This response is from About Islam’s archive and was originally published at an earlier date.
Thank you very much for contacting About Islam with your question.
Also, thank you for your concerns regarding freedom of faith and how Muslim women should exercise their rights in full freedom.
I think that the misunderstanding comes from the fact that you confuse Muslim societies with Muslim regimes. While many societies are overwhelmingly committed to Islam and want to find their way to progress and democracy — based on their vision — most of the elites see progress only in terms of Westernization.
Hence, the “image” of a modern woman who is active in the economic sector and the political and civil sphere is necessarily that of a secular woman who looks like the Western career women in Hollywood movies.
Funnily enough, they do not only attempt to follow that model in their personal life — a right to individual choices we would respect — but they also embarked on the project of turning this into a state policy that deprives Muslim women of their right to appear in the public domain as they wish to.
It is striking that the regimes that prohibited hijab have witnessed an Islamic awakening among the young and educated women who started recognizing hijab as a progressive and liberating outlook that heals the malaise of over-obsession with the outer appearance and the body.
They learned the lesson from the struggle of women’s liberation movements in the Western societies and realized that uncovering women’s bodies has more to do with the market than with freedom and liberty.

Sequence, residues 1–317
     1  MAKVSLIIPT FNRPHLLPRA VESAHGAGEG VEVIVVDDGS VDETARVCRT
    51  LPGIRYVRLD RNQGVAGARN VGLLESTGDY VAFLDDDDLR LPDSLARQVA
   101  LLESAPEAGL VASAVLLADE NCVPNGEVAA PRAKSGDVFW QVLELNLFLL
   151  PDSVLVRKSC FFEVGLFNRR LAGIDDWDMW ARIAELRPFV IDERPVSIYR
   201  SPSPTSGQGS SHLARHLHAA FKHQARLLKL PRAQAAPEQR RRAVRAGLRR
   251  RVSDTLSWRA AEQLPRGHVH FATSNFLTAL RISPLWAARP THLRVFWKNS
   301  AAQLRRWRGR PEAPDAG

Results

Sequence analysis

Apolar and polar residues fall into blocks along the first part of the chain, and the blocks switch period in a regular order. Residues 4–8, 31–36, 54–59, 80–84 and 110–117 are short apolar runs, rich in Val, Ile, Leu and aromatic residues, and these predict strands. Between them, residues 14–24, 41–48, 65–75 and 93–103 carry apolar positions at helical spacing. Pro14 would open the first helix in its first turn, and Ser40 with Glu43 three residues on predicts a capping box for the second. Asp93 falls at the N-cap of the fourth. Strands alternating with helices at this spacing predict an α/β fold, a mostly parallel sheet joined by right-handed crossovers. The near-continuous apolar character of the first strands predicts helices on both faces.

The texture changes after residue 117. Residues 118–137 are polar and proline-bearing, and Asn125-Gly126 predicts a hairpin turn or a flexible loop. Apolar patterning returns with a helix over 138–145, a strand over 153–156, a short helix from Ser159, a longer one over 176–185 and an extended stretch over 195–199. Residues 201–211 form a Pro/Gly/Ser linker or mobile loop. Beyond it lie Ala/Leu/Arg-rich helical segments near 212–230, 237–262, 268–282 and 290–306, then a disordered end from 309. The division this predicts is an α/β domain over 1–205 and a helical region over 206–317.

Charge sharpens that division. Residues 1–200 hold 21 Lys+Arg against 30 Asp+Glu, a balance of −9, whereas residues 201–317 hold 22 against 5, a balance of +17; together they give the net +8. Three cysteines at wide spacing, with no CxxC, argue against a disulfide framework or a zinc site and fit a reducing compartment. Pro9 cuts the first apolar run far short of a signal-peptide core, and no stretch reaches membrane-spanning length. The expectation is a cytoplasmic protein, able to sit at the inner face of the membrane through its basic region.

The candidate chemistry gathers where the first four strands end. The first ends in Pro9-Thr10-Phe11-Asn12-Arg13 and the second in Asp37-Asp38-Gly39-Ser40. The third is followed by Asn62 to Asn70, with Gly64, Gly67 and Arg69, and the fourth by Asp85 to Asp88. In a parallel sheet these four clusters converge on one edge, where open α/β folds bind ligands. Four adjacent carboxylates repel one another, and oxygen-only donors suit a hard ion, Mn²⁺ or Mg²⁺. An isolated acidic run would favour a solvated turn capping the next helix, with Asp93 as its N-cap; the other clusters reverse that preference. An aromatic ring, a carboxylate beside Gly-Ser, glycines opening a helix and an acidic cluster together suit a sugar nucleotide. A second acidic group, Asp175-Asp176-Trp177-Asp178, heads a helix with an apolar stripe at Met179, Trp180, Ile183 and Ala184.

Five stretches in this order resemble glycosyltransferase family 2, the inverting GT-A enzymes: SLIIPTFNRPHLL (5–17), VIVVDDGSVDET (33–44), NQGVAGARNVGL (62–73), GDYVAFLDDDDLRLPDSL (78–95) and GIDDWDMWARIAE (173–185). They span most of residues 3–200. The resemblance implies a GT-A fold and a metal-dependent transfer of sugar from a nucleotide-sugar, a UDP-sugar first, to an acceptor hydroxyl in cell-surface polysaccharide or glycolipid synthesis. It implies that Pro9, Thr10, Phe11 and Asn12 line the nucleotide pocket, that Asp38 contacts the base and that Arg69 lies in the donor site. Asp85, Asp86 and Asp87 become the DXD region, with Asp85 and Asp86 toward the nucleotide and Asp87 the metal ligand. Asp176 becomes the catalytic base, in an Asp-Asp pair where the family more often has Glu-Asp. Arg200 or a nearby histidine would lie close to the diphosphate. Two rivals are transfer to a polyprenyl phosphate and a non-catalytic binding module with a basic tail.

Turkey is an example, also Tunisia. Even in some Islamic countries — like Egypt — where women have the right to wear the hijab, a woman in hijab is denied some official posts. This is especially in the media and in the foreign office.
In some cases, the banning of hijab is backed by a legislation ratified in a non-democratic People’s Assembly, but in many cases, it is just a common practice rather than a law.
It is sad that the hijab would become a subject for political disagreement. So, it ends up being seen as THE symbol of commitment to Islam in Islamic circles; or, on the contrary, the symbol of backwardness in secular circles.
This puts a lot of pressure on women both ways and undermines the social rather than the political essence of it.
In my opinion, a woman in an ideal Islamic society would not be forced to wear the hijab, as much as she should in no way be forced to take it off. It remains a socio-moral issue rather than a pillar of faith as it is sometimes portrayed.
The current challenge, however, in some countries at the moment is the market rather than the polity. Instead of being a symbol of modesty, egalitarianism, and humanization of the female body, instead of over-feminizing it, hijab becomes a fashion, indicating, along the line of its material and style, socio-economic differences.
I am sure many women know about the political pressures, but many are not aware of the consumerist pressures to turn the hijab into yet another commodity in the market economy.
Muslim women need to understand the logic of hijab as much as Muslim men should recapture the modesty of clothes Islam ordained to them as well.
If those who have hostile policies towards Islam depart from the middle ground to secular extremism, we should not leave our moderation to an extremist form of overstating the hijab.
It is a balanced vision of Islam on the issue of the body and the appearance that we need to revisit again to give the matter the weight it was originally given by Islam. It is only then that we will give more attention to the manners and codes of ethics related to hijab instead of losing a sense of these things in a battle we did not choose to fight.
Thank you and best regards. Please keep in touch.
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